It has been hot - and yes, my Texas friends, that does mean that it's been over 80 degrees!
You've all heard the expression "Make hay while the sun shines". Well the sun is shining and the fields are full of farmers bringing in the harvest. This has been a tough hay year. It has been rain, shine, rain, shine, which the hay has appreciated tremendously, however, the farmers - not so much. It has been a monumental task trying to get the hay into the barn in between thunderstorms and rain showers. Last week we even had a summer deluge complete with quarter-sized hailstones and downed trees - all while hay lay in the fields.
Our closest neighbor has about 40 acres in hay. Most of that she puts up for her 30 cow/calf pairs, but one 10 acres field (closest to our property line) she groomed specifically for exportation. "Farmer Green" had made arrangements with a farmer that regularly exports hay to swath and bale her small field and bundle it with his, netting her a tidy sum of $6,000.00.
While the sky's were blue and the weather was cooperating, Farmer Green swathed, baled and stacked all of the hay from her other fields neatly into her barn, sighed a sigh of relief and waited expectantly for "Farmer Brown" to take care of her small front field.
One fine morning, Farmer Brown showed up in his huge swather and had all of Farmer Green's hay down within hours. Gorgeous, huge windrows filled the field, enhancing the already charming landscape. They hay lay on the ground, day after day, drawing a worried Farmer Green to the field for regular inspections. And then, the rains came. And came again. Followed by a huge storm. The hay was ruined. Farmer Brown, now disappointed with the quality no longer wanted the hay. It was time for Plan B.
Plan B rested on another farmer that wanted the hay for his cattle. He didn't mind a bit of brown in the hay. It was lush and thick and fine for his stock. He made arrangements with Farmer Green to fluff and bale her front field. It was perfect - he was going to use his round baler (huge bales) and load them onto his truck with his tractor - she wouldn't have to touch a thing! Again Farmer Green waited. And again, disappointment. Plan B flopped and she was once again faced with 10 acres of swathed hay, and no equipment big enough to handle the large windrows and no hay crew to wrangle the bales.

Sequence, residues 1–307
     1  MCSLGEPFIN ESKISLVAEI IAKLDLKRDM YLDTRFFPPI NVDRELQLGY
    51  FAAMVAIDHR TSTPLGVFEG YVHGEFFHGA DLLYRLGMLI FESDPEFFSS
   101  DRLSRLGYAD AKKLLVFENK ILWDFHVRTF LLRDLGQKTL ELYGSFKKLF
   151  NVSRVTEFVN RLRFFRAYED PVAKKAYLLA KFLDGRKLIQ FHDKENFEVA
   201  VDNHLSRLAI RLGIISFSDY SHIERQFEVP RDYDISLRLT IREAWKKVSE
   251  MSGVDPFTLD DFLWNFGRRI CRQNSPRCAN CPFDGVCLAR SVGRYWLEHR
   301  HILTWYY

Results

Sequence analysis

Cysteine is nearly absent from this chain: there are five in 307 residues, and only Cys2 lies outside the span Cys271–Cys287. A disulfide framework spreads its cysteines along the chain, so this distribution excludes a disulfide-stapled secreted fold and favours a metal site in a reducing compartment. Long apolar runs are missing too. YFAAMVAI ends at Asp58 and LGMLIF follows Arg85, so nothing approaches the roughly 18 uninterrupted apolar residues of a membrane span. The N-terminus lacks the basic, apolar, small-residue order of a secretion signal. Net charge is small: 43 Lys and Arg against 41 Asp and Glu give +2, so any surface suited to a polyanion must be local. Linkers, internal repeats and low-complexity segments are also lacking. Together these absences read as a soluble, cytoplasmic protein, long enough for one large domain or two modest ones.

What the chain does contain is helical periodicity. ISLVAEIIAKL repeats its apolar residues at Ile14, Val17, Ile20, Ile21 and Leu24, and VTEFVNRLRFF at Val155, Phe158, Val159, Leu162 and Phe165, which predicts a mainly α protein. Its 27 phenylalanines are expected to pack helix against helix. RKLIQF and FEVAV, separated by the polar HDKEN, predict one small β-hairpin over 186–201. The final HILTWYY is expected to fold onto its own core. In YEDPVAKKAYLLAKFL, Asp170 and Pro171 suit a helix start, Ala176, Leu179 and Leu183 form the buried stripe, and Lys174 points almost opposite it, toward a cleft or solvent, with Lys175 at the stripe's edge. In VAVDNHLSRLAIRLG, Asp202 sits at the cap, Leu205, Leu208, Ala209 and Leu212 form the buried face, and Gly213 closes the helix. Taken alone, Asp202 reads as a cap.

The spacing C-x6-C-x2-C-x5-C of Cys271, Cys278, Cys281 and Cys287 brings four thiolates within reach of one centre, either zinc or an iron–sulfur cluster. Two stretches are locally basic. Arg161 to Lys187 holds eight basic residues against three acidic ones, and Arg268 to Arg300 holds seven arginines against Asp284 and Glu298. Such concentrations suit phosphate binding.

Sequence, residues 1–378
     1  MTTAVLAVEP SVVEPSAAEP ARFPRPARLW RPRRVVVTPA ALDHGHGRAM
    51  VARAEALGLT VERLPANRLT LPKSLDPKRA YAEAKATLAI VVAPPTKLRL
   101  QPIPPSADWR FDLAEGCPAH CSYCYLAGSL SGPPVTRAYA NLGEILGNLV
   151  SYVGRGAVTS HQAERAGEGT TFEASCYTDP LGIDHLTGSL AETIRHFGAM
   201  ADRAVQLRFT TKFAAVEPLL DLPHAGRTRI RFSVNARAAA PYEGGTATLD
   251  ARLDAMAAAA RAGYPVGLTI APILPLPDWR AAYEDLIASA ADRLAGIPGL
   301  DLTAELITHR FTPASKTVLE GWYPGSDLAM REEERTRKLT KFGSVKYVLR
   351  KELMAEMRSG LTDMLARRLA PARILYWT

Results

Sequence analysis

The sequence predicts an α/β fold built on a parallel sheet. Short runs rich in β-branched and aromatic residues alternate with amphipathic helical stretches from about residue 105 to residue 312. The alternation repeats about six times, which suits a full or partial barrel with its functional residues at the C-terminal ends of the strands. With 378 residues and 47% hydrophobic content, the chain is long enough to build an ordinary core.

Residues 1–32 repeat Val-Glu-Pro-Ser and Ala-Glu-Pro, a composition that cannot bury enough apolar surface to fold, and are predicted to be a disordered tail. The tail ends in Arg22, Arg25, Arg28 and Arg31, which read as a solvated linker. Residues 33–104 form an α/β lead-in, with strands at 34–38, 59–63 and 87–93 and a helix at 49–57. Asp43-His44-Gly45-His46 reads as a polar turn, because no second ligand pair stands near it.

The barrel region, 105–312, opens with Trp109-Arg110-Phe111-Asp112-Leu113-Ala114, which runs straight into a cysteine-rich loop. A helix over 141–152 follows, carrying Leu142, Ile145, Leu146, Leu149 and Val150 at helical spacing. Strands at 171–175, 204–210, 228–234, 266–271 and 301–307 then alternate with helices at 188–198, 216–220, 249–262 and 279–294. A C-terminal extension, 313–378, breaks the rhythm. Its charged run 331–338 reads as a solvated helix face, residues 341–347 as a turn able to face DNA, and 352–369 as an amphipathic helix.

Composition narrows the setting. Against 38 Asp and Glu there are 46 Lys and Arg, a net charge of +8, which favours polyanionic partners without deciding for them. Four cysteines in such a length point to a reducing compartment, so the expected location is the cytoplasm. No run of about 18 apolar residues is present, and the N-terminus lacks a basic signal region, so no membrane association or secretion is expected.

Enter Master Hand Grenade and Miss Serenity. Farmer Green called early Saturday morning and requested her favorite hay crew. Of course Hand Grenade and Serenity willingly agreed. Little did they know what they were getting themselves into! This was no regular haying job. Before they could bale this hay, they had to fluff it so that it would dry properly and be fit for baling. Unfortunately, the windrows were so huge that the fluffer Farmer Green had was too small to do an adequate job. Hand Grenade and Serenity's job was to finish turning the hay, by hand - all 10 acres! Armed with pitchforks and a good attitude, they set to work. As the sun set in the evening and the temperatures cooled, Dragon Snack and Master Calvin joined their older siblings in their hay fluffing adventures. Even the little ones put in a good days work!
|Serenity and Hand Grenade directing their crew|
|Master Calvin wielding his pitchfork|
As I write this, it is 7:45 p.m. Hand Grenade and Serenity are still in the field, with two loads of hay left to go. Each load takes 45 minutes to load in the field and off-load and stack in the barn. Hand Grenade has worked all day, even when it was 102 degrees. Serenity worked until 11:30, took a quick shower and reported for work at her day job - and then hit the field again as soon as she got home (5 o'clock this evening).
|In the field|
|The temperature at 6 o'clock this evening|
And now, I'm off to prepare for the return of my children, bone wearied but satisfied with a good days work (or four, but who's counting?).
Until next time,